Muslim Americans give gratitude for religious freedom


The Thanksgiving holiday truly has a universal and never-ending appeal. The tradition is believed to have started by the early 17th century Pilgrims, who reaped successful harvests and thus were able to make their abode in the land that came to be known as the United States of America.

The Pilgrims were also known to have migrated to America to escape religious persecution in their former homelands. Having a good harvest and the freedom of religion, there was much for them to be thankful for.

Even today, there are many who come to America to escape persecution, build better lives and to be free to express their beliefs. The same is true for American Muslims like myself. As an Ahmadi-Muslim, I am not even permitted to express my true beliefs in my former country for fear of persecution.

In general, world political and social thought has significantly shifted toward the right. This has caused stiffening attitudes and harsh treatment of minorities in many countries. Those who are fortunate enough to immigrate to the United States and enjoy the freedom here have an inestimable debt of gratitude.

The spirit of Thanksgiving isn’t just celebrated to commemorate the success of the Pilgrims and other immigrants who followed in their wake. Indeed, gratitude is a universal ideal, even for the most basic of our wants and needs that we take for granted day to day. It is also a great religious ideal; many of us take it as a religious practice to express gratitude in some form to the being that we believe has granted us all the provisions and charms of life.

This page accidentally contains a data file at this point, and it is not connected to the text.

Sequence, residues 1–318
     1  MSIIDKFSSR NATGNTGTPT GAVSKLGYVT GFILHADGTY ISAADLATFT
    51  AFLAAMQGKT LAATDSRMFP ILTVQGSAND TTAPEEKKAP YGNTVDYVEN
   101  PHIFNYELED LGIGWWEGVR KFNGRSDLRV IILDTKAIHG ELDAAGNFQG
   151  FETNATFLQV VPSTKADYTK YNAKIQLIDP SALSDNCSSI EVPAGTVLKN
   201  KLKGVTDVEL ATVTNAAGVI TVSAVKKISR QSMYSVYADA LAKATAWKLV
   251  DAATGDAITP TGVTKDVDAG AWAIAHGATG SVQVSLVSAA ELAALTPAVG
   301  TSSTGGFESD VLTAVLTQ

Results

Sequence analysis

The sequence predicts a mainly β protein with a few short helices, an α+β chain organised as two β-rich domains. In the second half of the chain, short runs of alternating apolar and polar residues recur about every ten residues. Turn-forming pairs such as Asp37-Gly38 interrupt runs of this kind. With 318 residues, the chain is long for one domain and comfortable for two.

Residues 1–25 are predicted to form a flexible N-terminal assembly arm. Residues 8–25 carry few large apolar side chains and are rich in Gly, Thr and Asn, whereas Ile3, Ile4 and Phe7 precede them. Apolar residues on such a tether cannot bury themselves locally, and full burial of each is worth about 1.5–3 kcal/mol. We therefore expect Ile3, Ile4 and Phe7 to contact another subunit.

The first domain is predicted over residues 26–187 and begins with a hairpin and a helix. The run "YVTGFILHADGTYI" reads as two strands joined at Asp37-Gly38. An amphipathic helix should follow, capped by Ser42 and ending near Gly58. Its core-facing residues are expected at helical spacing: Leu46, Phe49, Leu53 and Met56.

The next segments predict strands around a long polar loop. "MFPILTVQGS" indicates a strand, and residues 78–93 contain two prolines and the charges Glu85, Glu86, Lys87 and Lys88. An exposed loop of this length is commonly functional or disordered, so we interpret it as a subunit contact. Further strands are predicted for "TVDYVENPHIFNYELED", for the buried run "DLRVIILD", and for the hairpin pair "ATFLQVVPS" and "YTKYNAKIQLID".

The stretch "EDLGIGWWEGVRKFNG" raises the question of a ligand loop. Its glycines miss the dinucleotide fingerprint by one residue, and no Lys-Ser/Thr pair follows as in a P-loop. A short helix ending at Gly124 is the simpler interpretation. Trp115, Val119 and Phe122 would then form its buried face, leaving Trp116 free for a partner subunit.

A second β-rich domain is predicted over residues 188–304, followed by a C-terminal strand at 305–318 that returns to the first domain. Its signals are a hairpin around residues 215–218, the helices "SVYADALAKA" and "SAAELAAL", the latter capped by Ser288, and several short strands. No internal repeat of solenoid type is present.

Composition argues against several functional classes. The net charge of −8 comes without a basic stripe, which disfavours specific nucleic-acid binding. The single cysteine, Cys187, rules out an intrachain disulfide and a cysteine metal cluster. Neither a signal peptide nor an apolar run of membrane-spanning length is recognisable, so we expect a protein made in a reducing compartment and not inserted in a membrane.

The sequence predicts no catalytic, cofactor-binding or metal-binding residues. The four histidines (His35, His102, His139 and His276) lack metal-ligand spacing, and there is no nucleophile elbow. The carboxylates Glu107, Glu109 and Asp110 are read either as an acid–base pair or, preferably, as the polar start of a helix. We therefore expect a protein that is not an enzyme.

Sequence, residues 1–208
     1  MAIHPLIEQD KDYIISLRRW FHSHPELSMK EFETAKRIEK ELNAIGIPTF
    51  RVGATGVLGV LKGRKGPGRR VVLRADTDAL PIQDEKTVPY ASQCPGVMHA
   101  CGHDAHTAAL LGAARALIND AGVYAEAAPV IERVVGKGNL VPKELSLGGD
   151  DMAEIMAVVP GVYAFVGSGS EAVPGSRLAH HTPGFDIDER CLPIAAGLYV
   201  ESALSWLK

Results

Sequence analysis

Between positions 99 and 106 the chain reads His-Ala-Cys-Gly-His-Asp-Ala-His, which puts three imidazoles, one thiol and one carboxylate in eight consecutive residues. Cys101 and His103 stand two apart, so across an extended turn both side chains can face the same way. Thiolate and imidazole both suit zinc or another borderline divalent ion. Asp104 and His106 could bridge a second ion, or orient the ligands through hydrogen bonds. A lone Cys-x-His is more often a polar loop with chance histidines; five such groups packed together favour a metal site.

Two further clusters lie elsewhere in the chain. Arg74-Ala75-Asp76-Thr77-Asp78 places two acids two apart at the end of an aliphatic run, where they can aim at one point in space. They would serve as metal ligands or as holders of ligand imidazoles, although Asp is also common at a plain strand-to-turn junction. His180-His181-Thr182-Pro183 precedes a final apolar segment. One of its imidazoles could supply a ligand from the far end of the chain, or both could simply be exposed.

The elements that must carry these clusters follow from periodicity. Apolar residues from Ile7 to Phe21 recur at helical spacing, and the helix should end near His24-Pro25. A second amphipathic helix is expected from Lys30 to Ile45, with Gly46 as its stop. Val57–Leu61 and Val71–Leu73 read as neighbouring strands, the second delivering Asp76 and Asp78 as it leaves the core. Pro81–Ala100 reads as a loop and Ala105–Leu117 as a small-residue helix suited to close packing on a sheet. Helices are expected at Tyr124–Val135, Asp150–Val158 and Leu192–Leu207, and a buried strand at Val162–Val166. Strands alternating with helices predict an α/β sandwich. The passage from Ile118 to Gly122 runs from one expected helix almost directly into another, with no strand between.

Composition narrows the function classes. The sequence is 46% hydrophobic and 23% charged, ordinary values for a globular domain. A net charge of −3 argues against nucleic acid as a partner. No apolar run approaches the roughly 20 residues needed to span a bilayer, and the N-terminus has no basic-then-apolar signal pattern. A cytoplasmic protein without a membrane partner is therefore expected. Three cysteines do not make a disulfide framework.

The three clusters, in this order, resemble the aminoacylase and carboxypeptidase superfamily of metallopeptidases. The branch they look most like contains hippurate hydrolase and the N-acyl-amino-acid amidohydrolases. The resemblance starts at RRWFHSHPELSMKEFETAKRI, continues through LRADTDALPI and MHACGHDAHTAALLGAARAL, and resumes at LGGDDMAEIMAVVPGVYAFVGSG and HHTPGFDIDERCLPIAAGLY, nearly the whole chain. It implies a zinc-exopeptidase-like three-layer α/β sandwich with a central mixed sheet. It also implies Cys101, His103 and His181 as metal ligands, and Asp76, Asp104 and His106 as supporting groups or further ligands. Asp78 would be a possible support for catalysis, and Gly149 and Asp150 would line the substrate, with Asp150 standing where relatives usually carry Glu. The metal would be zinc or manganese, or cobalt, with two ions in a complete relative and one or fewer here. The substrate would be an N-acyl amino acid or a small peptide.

The Holy Quran lays a great emphasis on gratitude: “Therefore remember Me (God), and I will remember you; and be thankful to Me and do not be ungrateful to Me.” (21:53).

Gratitude is not just between people and God, but owed among people themselves. It fosters good relations between neighbors and communities and breeds general goodwill.

The Prophet Muhammad had once said: “One who is not thankful to people is not thankful to Allah (God).” In today’s increasingly polarized world politics, more expressions of gratitude in international relations would help mitigate tensions and renew a sense of trust. World religious leaders such as the Caliph of the Ahmadiyya Muslim community, Mirza Masroor Ahmad, continually reminds world leaders and communities to remain cognizant of a deep sense of gratitude to our creator and to each other.

During this Thanksgiving, let us remember the struggles of the pilgrims who built an abode here that we benefit from, be grateful for all the freedoms and rights we enjoy and pray for hope for all those who endure hardships and persecutions around the world.

About the author

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Amer Aziz

Amer Aziz works as a Senior Financial Analyst in the Banking industry. He is an active member of The Ahmadiyya Muslim Community and holds a keen interest in Islamic and Christian Eschatology. He has written Opinion Editorials in newspapers and articles for popular blogzines.

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